- Garret McNamara's wave believed to be 100 feet high
- Small Portuguese fishing village has some of the world's most dangerous surf
- Giant swells generated by unique deep water canyons
He is but a dot in the ocean, gathering speed and rapidly rising as a mammoth wall of water expands below and behind him.
Simultaneously fearsome and awesome, this may be the moment Hawaiian rider Garret McNamara on Monday broke his own record for the largest wave ever surfed.
Caught off the coast of the small fishing village of Nazaré, Portugal, the monster wave was reported to be more than 100 feet high, or 30.5 meters.
"It was just this endless drop and my feet were popping out of the straps," McNamara told CNN's Anderson Cooper. "It was like my whole body was shattering. It was really difficult."
If accurate, the wave towers over his 2011 surf of a 78-footer (24 meter) at the same location. Nazaré officials have requested an impartial verification of a possible new world record.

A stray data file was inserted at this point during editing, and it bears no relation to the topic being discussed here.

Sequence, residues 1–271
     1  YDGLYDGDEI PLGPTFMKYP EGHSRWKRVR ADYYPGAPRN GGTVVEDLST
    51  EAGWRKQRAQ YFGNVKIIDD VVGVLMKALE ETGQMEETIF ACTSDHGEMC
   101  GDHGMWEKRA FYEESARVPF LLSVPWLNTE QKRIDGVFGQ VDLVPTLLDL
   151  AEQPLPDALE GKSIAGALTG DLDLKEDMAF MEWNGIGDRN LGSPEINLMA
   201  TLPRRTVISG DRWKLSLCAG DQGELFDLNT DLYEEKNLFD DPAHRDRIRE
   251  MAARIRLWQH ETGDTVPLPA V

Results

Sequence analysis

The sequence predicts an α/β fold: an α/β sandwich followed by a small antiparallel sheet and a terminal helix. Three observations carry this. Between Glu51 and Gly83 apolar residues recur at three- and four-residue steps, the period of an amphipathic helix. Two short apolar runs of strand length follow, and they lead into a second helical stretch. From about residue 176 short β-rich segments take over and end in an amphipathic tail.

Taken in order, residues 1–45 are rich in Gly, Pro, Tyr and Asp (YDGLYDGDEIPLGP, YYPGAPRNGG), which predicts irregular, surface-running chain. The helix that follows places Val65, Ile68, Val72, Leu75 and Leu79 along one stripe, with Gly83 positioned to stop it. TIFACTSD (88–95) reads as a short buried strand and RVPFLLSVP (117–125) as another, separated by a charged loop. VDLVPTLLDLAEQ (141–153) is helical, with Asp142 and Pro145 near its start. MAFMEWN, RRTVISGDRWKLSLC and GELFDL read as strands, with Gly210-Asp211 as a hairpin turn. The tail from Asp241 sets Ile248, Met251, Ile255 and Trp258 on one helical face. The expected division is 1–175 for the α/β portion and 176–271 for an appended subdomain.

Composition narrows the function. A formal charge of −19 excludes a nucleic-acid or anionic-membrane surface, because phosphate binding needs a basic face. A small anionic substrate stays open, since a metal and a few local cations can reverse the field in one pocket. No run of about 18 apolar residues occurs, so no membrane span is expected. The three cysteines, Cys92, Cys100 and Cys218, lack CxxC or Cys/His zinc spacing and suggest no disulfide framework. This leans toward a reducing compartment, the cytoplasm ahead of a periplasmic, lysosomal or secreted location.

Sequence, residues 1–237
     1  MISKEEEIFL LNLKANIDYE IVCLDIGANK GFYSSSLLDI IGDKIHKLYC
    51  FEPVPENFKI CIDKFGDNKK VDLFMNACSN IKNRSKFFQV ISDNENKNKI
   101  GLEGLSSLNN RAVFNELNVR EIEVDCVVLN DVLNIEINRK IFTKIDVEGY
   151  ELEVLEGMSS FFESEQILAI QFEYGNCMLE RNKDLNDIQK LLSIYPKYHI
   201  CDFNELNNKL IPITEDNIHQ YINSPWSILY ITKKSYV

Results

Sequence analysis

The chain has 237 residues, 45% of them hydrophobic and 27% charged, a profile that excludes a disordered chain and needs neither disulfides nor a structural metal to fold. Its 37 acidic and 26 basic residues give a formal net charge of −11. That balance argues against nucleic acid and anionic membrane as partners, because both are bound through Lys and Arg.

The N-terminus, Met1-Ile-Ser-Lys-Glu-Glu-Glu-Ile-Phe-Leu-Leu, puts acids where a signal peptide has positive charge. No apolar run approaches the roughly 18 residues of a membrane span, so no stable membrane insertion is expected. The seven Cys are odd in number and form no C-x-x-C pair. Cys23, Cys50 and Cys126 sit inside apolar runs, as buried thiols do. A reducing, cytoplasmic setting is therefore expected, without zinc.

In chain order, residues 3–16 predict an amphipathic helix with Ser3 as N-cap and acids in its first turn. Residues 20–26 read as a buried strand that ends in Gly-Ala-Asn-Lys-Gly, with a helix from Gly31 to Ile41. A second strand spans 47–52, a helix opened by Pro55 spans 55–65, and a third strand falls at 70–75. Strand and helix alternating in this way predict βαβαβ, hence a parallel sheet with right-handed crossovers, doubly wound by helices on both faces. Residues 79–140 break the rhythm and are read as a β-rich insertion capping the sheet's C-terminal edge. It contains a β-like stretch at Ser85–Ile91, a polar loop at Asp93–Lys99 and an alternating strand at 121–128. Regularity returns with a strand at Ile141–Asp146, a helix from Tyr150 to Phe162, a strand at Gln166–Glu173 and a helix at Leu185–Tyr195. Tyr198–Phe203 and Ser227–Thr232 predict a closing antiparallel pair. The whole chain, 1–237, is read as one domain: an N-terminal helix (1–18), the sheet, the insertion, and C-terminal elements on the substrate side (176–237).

Thanks to one of the only deep water canyons in the world that connects to shore, Praia do Norte -- the north beach of Nazaré -- sees abnormally large waves.
A group of extreme surfers descended on the Portugal coast this past week, providing some amazing experiences for onshore observers and some very social media-friendly video and photos.
McNamara was first invited by the Nazaré Town Hall in 2010 as part of a three-year project to explore the local coast's unique geomorphic phenomenon and to bring more awareness to the area as a destination for big-wave enthusiasts.
Though onlookers were spellbound by McNamara's ride, the surfer said he didn't get that much of a rush.
"I don't know what's wrong with me. There's definitely something wrong," McNamara said in his interview with Cooper.